Apple devices held for ransom, amid massive iCloud account hack rumours

Apple devices held for ransom, amid massive iCloud account hack rumours

Steve Ragan of CSO Online:

“On July 1, Alanna Coca noticed her iPad had started beeping. When she opened the cover, the lock screen had a message displaying a phrase in Russian – “Dlya polucheniya parolya, napshite na email” – followed by a Gmail address.”

“Roughly translated, the phrase was telling her that in order to receive a password, she’ll need to email the address displayed.”

Such attacks aren’t unusual (you may remember a message from Russian hacker Oleg Pliss popping up on some users’ iMacs, iPhones and iPads back in 2014), and are perpetrated by a hacker putting a victim’s device into lost mode after breaking into their Apple ID account.

A message sent by the hacker to the locked device asks for the victim to get in touch to arrange the ransom payment, and may even make a veiled threat that the device’s data will be erased if cash is not transferred promptly.

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What spices things up a little more this time is that Ragan reports rumours of a massive data breach at Apple potentially impacting 40 million iCloud accounts.

That may be nonsense, of course – it’s possible that accounts have fallen under the control of hackers because of less sensational reasons – such as poor password choices, phishing or reusing the same password on multiple sites.

What is clear is that some Apple users are having their devices hijacked by extortionists. So make sure that you have a unique, hard-to-crack, hard-to-guess password protecting your Apple ID account.

And, if you haven’t already done so, I strongly recommend enabling two-step verification on your Apple ID account to make it harder for hackers to break in.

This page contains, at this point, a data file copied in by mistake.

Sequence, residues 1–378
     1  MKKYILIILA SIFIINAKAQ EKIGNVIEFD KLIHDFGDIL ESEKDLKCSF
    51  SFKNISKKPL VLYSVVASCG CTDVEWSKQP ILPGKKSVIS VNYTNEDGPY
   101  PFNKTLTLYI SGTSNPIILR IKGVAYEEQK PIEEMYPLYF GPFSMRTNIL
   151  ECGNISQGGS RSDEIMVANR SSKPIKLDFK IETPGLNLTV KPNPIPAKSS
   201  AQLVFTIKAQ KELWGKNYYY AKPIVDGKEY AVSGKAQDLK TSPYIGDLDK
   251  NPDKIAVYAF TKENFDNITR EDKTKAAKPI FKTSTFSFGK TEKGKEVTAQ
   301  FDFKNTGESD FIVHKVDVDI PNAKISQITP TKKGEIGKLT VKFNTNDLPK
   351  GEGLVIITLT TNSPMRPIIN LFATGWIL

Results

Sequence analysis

Read more on CSO Online.

Graham Cluley is an award-winning keynote speaker who has given presentations around the world about cybersecurity, hackers, and online privacy. A veteran of the computer security industry since the early 1990s, he wrote the first ever version of Dr Solomon's Anti-Virus Toolkit for Windows, makes regular media appearances, and is the co-host of the popular "Smashing Security" podcast. Follow him on Twitter, Mastodon, Threads, Bluesky, or drop him an email.

4 comments on “Apple devices held for ransom, amid massive iCloud account hack rumours”

  1. Brett

    Thanks for this article. I woke up this morning to these messages on my iPhone and emails from apple saying "lost iPad and iphone" has been activated. So happy to know it was not only me.

  2. Yen

    Same thing to me…

  3. Sailorwind

    This happened to me on Monday on all my Apple devices. Important to note that you do NOT need to pay these people. Even if they erase your device, most Apple products have iCloud backups you can use. First step when you see this message should be to try and log into your account on the computer and change your password. Then you can log into iCloud and turn off lost mode on your device. You may still need to do an iTunes backup of your device, but Apple Support was very good about walking me through the whole process and my devices are all fine now, no money spent.

  4. Jackson

    This happened to me yesterday. I got three iCloud emails. They used the find my iPhone ability to send a message in english that pointed to a gmail account ([email protected] or something similar, I was tired and didn’t take the time to write it down). Luckily, I already had a code that they could not or did not change and only put a message about sending $50. I had email notifications set up.
    First I got the “Your Apple ID was used to sign in to iCloud via a web browser”.
    Then I got “Lost mode enable”
    Then I got ” has been found”
    Anyway, I spent the night changing passwords. None were the same to begin with, but with all the data breaches, I did not want to get caught unaware.
    The crappy part is I have to wait 4 days to enable two step verification with Apple. Also, a lot of online accounts still do not have this ability.

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